(Not really, but gemifying something and battling against Java – the thing that is supposed to help – is not too much fun)

I'd love to look into rooc especially. But in turn I'd like to see you create a great game on the 11th :)

@kschiess

kschiess Jun 4, 2010

Owner

We'll see. I don't have much hopes for anything useful in 3h. I am feeling strangled by that limitation already.

@floere

floere Jun 4, 2010

Think Pong, not Unreal Tournament 2010. That helped me.

Inspiration: http://github.com/severin/tree_run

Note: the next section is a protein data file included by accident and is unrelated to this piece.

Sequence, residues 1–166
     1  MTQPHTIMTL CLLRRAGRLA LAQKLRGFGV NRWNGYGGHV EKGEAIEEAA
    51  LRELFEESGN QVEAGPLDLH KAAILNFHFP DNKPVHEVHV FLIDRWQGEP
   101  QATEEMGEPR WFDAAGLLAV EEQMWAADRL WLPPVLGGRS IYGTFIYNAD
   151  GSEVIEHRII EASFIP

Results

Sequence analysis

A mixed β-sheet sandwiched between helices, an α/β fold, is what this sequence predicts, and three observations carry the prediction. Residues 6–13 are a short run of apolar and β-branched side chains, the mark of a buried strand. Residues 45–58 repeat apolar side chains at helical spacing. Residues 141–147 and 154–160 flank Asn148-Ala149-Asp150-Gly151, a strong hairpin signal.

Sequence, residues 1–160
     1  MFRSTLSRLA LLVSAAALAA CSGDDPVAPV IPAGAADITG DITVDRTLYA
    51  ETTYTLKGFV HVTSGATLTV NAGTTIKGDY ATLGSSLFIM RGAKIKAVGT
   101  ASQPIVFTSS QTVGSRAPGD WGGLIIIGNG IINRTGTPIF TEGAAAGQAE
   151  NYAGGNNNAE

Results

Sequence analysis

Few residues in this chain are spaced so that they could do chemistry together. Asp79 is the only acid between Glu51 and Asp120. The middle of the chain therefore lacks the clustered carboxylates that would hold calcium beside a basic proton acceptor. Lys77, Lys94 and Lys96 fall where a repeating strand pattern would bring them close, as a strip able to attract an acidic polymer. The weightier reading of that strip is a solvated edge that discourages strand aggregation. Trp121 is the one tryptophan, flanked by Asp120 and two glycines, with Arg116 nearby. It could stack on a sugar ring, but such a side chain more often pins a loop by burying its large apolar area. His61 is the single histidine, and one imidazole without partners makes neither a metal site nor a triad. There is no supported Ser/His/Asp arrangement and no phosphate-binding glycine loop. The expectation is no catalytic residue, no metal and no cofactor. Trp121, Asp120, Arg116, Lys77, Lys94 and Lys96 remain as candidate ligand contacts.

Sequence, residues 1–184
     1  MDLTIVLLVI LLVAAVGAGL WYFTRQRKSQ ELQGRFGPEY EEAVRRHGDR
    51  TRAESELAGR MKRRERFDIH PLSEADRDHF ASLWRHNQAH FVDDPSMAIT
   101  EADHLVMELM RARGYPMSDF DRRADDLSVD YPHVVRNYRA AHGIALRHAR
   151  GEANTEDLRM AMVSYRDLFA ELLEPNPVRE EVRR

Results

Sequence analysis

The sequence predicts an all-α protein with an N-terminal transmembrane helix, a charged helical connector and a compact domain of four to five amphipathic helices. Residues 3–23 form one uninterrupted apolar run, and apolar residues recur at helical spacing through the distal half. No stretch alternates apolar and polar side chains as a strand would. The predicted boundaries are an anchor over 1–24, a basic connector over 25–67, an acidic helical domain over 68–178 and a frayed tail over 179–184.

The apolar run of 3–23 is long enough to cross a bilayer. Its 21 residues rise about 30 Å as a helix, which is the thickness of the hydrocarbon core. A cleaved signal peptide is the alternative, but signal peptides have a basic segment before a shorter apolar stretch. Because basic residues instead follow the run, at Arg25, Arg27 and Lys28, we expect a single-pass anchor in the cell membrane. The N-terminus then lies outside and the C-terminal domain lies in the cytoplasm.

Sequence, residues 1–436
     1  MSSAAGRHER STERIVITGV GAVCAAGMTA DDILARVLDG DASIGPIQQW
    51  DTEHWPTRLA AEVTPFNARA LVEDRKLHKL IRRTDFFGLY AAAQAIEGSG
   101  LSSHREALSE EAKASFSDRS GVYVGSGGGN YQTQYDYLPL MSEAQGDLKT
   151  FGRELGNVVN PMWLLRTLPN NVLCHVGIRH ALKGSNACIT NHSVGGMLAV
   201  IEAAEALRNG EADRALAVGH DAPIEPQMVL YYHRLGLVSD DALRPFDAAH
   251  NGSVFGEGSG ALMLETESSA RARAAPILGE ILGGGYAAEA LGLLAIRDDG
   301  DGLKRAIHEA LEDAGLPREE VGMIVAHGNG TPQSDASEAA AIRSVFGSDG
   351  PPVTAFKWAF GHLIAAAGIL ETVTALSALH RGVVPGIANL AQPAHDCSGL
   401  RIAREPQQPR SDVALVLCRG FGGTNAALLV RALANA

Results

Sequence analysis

+ floor.reset
+ end
+ end
end
end
@@ -47,6 +47,8 @@ def create(floor)
i.save! }
end
+ def reset
+ end
protected
def produce_instance
@klass_name.to_s.
@@ -82,6 +84,10 @@ def create(floor)
@instance
end
+
+ def reset
+ @instance = nil
+ end
end
# A template for employees, you can call build/create many times.
@@ -24,7 +24,6 @@ def object
@floor
end
end
-
def self.from_dsl(&block)
DSL.new(&block).object
end
@@ -48,4 +47,10 @@ def create(something)
def build(something)
employees[something.to_sym].build(self)
end
+
+ def reset
+ employees.values.each do |employee|
+ employee.reset
+ end
+ end
end
@@ -58,6 +58,15 @@
end
it { should be_saved }
end
+ context "after a reset" do
+ before(:each) {
+ @old_white = white
+ FloorManager.reset }
+
+ it "should produce a new white spy (forget about white)" do
+ @old_white.should_not == env.white
+ end
+ end
end
end